In Big Bend, you’ll find wildlife crossing the land, birds and bats flying high above, constellation critters dotting the night sky, and fossil creatures buried deep below!

In this seemingly barren landscape, signs of critter life may be hard to spot at first, but animals are surprisingly abundant. Here are some of Big Bend’s unique critters!

River Road winds through green banks along the Rio Grande. The flanks of surrounding mountainsides seem barren, but stick around, listen and watch, and Big Bend wildlife will reveal itself.

An evening spent quietly taking in the sunset offers a great opportunity to see critters on the move. Spring, summer, and fall are flush with feathery song makers, adding a symphonic accompaniment to sunset’s falling skies. Over 400 species of bird have been documented in the region. Take special care to note unique colors, sizes, and songs, because there is quite a variety.

Yellowheaded chickadees are among Big Bend wildlife. Photo by Kara Gerbert

The gradual hush of birdsong sets with dusk, morphing into the desert’s second musical act: insect chirping. Bands of quonker katydids, endemic to the Big Bend region; and flightless lubber grasshoppers, gear up for an evening of merrymaking.

Sunset is great for watching wildlife.

A short clip of the unique Big Bend Quonker in action can be found here:

During the summer monsoon season, slumbering frogs and toads spring to life, so don’t be surprised if you hear their distinctive bawling after a rain shower.

Big Bend’s brief rainy season springs the desert to life, and toad songs often follow rains.

In warm months, the occasional Mexican freetail bat will bounce and loop on sonar frequencies, taking advantage of dusk’s insect happy hour.

Mexican freetail bats love the Big Bend during warmer months.

Big Bend’s larger animals also get moving around dusk, including the collared peccary, or javelina. This scruffy little fellow is sometimes mistaken for a pig, but the javelina is much smaller than the wild hog and a little nicer! Their long sharp canine teeth resemble tusks, and they have a pig-like snout, but rest assured, javelinas are their own thing; and they might be downright offended by the mere suggestion of a pig- or rat-like resemblance, although they have been likened to both.

Javelinas are among the most unique wildlife to call Big Bend home.

Javis, as they are affectionately called, move with delicate steps, picking across the scrubland with deliberate movements. They mostly eat desert veggies, including prickly pear pads, yucca roots, tubers, and mesquite beans, but have been known to eat lizards or forage carrion. Their narrow faces and mohawk haircuts give these little fellas a tough posture, but they are not an aggressive species. However, common sense must be practiced when observing all wildlife: leave a wide berth; give animals the space they need to do their thing; never approach wild animals; and of course, never feed them.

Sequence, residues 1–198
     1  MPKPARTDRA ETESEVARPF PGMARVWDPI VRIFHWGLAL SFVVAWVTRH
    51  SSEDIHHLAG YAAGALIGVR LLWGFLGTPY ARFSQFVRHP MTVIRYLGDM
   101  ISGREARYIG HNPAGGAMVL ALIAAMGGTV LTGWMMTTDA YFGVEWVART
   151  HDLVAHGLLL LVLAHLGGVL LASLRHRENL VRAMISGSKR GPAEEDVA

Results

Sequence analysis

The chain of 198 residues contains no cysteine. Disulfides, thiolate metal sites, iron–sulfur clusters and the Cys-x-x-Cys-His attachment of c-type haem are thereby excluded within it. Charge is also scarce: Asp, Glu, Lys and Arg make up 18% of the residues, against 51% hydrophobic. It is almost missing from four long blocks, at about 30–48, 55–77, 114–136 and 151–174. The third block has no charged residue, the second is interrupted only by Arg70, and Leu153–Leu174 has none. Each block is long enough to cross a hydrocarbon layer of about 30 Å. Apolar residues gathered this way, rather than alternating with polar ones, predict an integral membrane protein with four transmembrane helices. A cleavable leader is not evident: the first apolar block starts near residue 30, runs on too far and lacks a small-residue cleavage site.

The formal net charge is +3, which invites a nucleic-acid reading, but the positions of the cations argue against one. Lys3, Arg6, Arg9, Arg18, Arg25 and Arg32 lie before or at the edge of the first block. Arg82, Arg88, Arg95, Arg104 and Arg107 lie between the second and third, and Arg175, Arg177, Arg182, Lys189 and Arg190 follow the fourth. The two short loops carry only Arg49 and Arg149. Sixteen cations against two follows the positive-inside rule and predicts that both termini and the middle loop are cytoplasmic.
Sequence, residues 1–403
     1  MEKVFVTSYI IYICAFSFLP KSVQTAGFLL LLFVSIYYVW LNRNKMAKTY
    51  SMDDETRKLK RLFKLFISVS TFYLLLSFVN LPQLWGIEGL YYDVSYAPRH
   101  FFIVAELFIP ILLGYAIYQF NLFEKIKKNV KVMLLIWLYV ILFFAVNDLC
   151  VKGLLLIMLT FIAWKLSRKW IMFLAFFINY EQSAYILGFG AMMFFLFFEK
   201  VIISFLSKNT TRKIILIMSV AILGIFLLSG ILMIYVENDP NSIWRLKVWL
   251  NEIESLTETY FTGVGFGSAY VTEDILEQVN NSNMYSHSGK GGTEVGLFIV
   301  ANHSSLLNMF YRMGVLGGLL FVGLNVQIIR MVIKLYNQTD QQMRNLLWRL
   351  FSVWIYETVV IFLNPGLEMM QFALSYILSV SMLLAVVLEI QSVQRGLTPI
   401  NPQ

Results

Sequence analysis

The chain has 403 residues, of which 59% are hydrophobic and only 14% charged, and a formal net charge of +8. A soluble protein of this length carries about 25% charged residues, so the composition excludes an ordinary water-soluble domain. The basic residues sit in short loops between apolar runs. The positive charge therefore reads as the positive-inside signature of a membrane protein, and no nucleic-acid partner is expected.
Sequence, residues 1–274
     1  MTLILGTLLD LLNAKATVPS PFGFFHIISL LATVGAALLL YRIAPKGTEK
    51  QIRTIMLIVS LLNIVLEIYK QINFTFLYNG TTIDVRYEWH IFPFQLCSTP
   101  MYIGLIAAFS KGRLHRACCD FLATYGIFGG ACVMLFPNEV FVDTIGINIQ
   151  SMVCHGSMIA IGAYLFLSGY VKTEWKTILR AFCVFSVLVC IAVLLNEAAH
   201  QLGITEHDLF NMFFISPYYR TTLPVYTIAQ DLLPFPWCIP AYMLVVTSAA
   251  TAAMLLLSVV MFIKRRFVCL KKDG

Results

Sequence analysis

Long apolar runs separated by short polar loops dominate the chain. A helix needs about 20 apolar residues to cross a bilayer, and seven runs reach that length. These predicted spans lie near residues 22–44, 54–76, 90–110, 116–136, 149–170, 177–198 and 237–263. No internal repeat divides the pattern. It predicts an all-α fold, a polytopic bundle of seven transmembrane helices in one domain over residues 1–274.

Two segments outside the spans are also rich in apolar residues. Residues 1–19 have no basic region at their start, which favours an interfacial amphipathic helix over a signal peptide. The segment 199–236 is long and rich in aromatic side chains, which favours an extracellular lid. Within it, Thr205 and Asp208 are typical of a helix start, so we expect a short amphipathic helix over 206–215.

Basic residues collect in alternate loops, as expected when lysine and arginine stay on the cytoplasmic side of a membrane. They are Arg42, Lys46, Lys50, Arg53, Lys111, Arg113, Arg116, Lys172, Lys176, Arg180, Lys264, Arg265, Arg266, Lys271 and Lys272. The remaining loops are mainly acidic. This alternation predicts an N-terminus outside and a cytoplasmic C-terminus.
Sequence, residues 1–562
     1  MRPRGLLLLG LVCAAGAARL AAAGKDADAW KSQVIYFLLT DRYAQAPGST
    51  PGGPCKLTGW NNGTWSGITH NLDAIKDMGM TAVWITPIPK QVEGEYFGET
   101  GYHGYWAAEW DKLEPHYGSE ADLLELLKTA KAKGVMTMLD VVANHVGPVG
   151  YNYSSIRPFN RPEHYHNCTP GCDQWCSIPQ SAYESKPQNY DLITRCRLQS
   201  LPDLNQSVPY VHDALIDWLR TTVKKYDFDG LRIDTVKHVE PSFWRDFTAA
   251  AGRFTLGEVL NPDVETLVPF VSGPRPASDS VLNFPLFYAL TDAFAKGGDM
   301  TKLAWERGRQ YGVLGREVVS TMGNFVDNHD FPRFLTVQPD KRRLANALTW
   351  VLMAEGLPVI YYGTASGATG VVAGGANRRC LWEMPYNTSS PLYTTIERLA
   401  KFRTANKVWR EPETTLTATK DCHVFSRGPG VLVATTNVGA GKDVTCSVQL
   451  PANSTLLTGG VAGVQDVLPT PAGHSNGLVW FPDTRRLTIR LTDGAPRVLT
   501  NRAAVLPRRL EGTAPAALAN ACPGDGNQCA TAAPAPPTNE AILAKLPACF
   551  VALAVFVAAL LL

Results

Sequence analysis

Check out the short clip, below, of a javi looking for grub! (Scroll down!!)


We’ve all heard the saying, “Everything’s bigger in Texas.” Well, if that’s true, everything bigger is even BIGGER in Far West Texas and the Big Bend — at least when it comes to some of the wildlife, that is!

Take the deer, for example. West Texas boasts some of the state’s largest deer – called mule deer. Mule deer are typically bigger on an age-class-to-age-class basis than white-tail deer. West Texas mule deer have distinctively large ears, which help the animals cool off through a process called vasodilation, through which blood vessels release heat. Other Big Bend mammals have desert-adapted large ears, too, like jackrabbits and foxes, so be sure to watch for sightings.

Mule deer have large ears, adapted to help release heat. Photo by Kara Gerbert.

If you look up into the nighttime skies, you’ll find even more than these land critters. Big Bend night skies feature a variety of animal constellations that will sweep you off your feet. Fantastic views of Scorpio, the southernmost zodiacal constellation, can be seen during summer months. Latin for scorpion, this constellation’s scorpion tail and claws make it easy to spot. Be sure to bring a constellation guide to find all the constellations in view. And yes, you may bump into a land scorpion from time to time, although they are rarely seen.

Bring a tripod and you may have better luck capturing constellations than this amateur photographer had! Scorpio is outlined, but many familiar patterns can be seen.

What about animals deep below? Big Bend is a paleontologist’s dream, with a fossil record spanning 130-million-years!

Big Bend National Park’s fossil exhibit shows how wildlife has changed through millions of years, from the days of warm shallow seas to the days of giant, land roving dinosaurs!

When you are ready to take a break from all this critter watching, visit Big Bend National Park’s world-class fossil exhibit to see how the wildlife has changed over time.

Enjoy Big Bend wildlife on your next visit!